Being a journalist can help you in other parts of your life.
That's what I always tell my students at Centennial College Journalism.
Especially because we get very good at finding people and we know how to research, and how never to give up, and how to make cold calls, and how to talk to strangers about anything.
Which is what I did last weekend with Obama.
Now you might wonder, did I interview Obama? No, not exactly.
Here's the two stories.
We were visiting family in Longmeadow, Massachusetts for a celebration. I wanted an Obama lawn sign, and bumper sticker to take home with me to Canada. Now apparently, stealing one off the lawn of someone is a felony in the U.S. Or so they told me.
Someone at my table suggested contacting the Democratic party organization in Longmeadow, and asking for a sign.
So how does a visitor (me) staying in a hotel in a community I didn't know, find the DNP head honcho?
There was a free Internet point in the hotel lobby. So I Googled Longmeadow, Democrat and the search engine spit out a website belonging to the local Democrats. It had event announcements, photo galleries and the names and emails of two party big wigs.
Since I had just 5 hours on a Saturday afternoon to get this done, as we were leaving Sunday for Toronto, I jotted down the names, and plugged them into an American White Pages search engine. Lo and behold, the woman's name was listed, and a phone number. She has her own listing, as does her husband.
I called her, explained that I was a Canadian dying for an Obama lawn sign and bumper sticker, and although she must have thought I was crazy, she agreed to let me come over later that evening and pick a sticker up from her home. She also gave me the home telephone number of another man in the party who had lawn signs.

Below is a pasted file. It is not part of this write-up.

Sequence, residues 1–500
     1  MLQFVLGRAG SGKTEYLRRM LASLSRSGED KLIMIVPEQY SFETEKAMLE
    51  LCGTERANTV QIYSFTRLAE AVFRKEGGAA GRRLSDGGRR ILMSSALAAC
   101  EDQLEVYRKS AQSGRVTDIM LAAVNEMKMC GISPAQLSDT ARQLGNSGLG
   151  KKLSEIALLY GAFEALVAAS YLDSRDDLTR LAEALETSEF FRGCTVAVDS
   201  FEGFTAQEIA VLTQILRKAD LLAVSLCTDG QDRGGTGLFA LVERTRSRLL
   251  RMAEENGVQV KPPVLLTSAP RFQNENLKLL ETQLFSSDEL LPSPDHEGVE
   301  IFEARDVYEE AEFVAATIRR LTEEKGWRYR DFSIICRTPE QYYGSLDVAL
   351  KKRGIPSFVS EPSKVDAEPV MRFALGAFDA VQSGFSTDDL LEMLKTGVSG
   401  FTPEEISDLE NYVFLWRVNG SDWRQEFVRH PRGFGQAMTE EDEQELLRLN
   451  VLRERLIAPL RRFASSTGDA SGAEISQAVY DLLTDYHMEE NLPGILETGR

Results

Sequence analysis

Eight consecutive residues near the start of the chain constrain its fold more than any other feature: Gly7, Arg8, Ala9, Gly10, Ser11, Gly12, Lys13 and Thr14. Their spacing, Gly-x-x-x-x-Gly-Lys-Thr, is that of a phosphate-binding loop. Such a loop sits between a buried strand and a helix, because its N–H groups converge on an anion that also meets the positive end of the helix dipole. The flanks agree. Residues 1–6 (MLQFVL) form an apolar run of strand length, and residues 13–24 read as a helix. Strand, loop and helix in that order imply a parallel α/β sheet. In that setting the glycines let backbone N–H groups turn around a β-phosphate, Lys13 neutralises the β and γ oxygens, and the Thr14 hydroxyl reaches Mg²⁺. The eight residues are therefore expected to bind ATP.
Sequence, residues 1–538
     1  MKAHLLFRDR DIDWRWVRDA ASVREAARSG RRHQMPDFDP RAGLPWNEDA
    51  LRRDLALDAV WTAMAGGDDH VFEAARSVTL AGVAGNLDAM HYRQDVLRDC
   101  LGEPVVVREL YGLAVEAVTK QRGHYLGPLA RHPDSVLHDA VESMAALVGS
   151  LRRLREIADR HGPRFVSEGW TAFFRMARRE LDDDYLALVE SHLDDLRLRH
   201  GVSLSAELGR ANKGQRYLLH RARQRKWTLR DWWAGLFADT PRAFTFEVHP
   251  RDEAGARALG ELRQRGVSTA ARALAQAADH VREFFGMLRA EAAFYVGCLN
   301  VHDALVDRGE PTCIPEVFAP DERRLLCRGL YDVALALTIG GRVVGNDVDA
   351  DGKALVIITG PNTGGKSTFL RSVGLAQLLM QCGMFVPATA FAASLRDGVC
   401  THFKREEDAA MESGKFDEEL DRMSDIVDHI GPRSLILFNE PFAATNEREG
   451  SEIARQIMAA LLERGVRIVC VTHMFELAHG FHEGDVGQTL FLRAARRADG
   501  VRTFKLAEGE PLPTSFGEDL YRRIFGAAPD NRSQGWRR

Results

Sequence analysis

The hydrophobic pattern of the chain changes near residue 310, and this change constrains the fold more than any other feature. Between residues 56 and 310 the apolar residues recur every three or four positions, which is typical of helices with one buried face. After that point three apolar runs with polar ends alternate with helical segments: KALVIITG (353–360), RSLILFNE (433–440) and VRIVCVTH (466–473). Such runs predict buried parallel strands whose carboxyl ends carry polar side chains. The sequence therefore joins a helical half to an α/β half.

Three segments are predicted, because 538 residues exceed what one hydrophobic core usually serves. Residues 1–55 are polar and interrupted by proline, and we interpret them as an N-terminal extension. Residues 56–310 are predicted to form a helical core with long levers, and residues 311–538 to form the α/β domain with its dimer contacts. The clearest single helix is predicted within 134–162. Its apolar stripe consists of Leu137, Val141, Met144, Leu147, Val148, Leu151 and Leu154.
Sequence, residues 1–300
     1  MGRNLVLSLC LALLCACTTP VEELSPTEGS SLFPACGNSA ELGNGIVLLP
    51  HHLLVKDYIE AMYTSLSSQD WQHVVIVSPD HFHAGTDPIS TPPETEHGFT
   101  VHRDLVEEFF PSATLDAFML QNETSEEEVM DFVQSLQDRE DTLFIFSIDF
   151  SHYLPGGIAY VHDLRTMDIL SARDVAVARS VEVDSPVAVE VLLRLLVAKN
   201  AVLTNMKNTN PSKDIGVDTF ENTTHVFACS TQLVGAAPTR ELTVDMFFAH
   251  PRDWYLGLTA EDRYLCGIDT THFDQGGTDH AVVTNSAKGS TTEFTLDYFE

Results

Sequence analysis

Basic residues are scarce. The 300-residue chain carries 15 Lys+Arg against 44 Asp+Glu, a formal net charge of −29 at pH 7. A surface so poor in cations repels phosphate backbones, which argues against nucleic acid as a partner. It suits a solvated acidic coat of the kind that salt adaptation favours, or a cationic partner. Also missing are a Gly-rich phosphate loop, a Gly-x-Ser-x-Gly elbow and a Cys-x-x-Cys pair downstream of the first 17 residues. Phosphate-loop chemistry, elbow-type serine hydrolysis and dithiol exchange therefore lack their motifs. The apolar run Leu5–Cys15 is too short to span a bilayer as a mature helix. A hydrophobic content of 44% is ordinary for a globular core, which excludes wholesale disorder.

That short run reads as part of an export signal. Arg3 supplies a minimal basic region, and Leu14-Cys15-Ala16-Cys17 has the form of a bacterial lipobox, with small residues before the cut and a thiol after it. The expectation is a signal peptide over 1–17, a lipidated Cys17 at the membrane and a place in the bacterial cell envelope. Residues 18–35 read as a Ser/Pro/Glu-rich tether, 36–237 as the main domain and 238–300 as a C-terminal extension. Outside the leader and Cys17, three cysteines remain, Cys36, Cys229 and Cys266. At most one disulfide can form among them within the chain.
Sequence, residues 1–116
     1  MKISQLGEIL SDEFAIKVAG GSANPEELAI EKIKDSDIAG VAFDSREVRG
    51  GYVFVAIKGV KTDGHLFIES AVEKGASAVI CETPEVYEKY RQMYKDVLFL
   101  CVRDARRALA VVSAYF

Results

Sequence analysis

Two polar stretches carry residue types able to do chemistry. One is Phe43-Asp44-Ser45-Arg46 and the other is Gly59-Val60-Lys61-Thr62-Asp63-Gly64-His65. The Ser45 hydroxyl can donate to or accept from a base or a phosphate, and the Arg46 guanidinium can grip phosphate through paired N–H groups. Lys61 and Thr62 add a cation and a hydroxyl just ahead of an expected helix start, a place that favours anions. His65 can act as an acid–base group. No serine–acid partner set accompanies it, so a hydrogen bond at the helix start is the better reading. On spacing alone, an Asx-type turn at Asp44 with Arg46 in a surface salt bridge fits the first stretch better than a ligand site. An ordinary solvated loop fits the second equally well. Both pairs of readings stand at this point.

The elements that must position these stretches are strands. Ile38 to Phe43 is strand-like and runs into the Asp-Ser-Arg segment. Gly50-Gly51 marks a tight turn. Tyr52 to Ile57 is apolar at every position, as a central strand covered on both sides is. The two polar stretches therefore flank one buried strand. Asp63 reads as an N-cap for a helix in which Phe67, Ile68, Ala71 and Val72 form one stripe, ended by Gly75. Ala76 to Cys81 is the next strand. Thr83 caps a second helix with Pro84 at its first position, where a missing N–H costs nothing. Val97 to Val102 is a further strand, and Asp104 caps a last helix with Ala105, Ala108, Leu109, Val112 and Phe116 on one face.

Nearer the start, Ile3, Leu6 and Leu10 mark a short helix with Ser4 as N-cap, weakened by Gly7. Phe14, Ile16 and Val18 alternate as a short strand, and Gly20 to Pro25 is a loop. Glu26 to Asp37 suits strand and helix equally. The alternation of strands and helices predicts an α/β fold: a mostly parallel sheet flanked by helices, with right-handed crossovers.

I called him too, and used her name (always name drop with cold calls if possible, I tell my interviewing classes). He agreed to let me come over later that evening, a pluck one of the two Obama lawn signs from his own lawn. He gave me driving directions, which i scribbled on a cocktail napkin in the hotel bar (no I wasn't drinking, honest).
On our way to the dinner and dance that night, we drove through the dark, rainy, leaf-strewn streets of Longmeadow, Massachusetts, to find John Fitzgerald's lawn sign. I rang the bell, and he came to the door, looking like a typical American with Land's End sweater, chino pants and an old car parked in his garage. But what a treasure the garage was! Old campaign signs from Mondale and Ferraro from the 1980s and 90s. Cool. And today, the bumper stickers, button, and plastic Obama lawn sign are prominent souvenirs in my office at Centennial College's Journalism school in Toronto, beside the photos of me interviewing refugees in Mozambique, veterans in Anzio, Italy, at the Leaning Tower of Pisa, and my press passes from the Nato summit, World Cup of Soccer, and Royal Tours.
How talking to strangers gets you great leads on stories/anecdotes:
At that family function in Massachusetts, we sat beside a real estate agent, L.C., and her partner, K. S., a doctor, both living in Chicago. I had read an article in the Toronto papers recently about the security surrounding the Obama mansion in Chicago since the Senator began his run for the U.S. presidency. So I asked them about the story.
L. C. told me she drives by the security cordon to visit her partner at his U of Chicago area offices, and how you can't get near the Obama home now.
K. S. then revealed that his nurse lives across the street from the Obamas, and how she has since made friends with all the Secret Service guys who camp out in this van with heavy artillery in the back, and even set some of them up with her girlfriends, and how her little boy is now friends with those Men in Black. And he says Louis Farrakhan was seen entering the Obama home a long time ago. (He also told me that famous people go to his gym, including Oprah, who he says lets her flab hang out and doesn't talk to anyone!)
You never know what you will learn, unless you ask!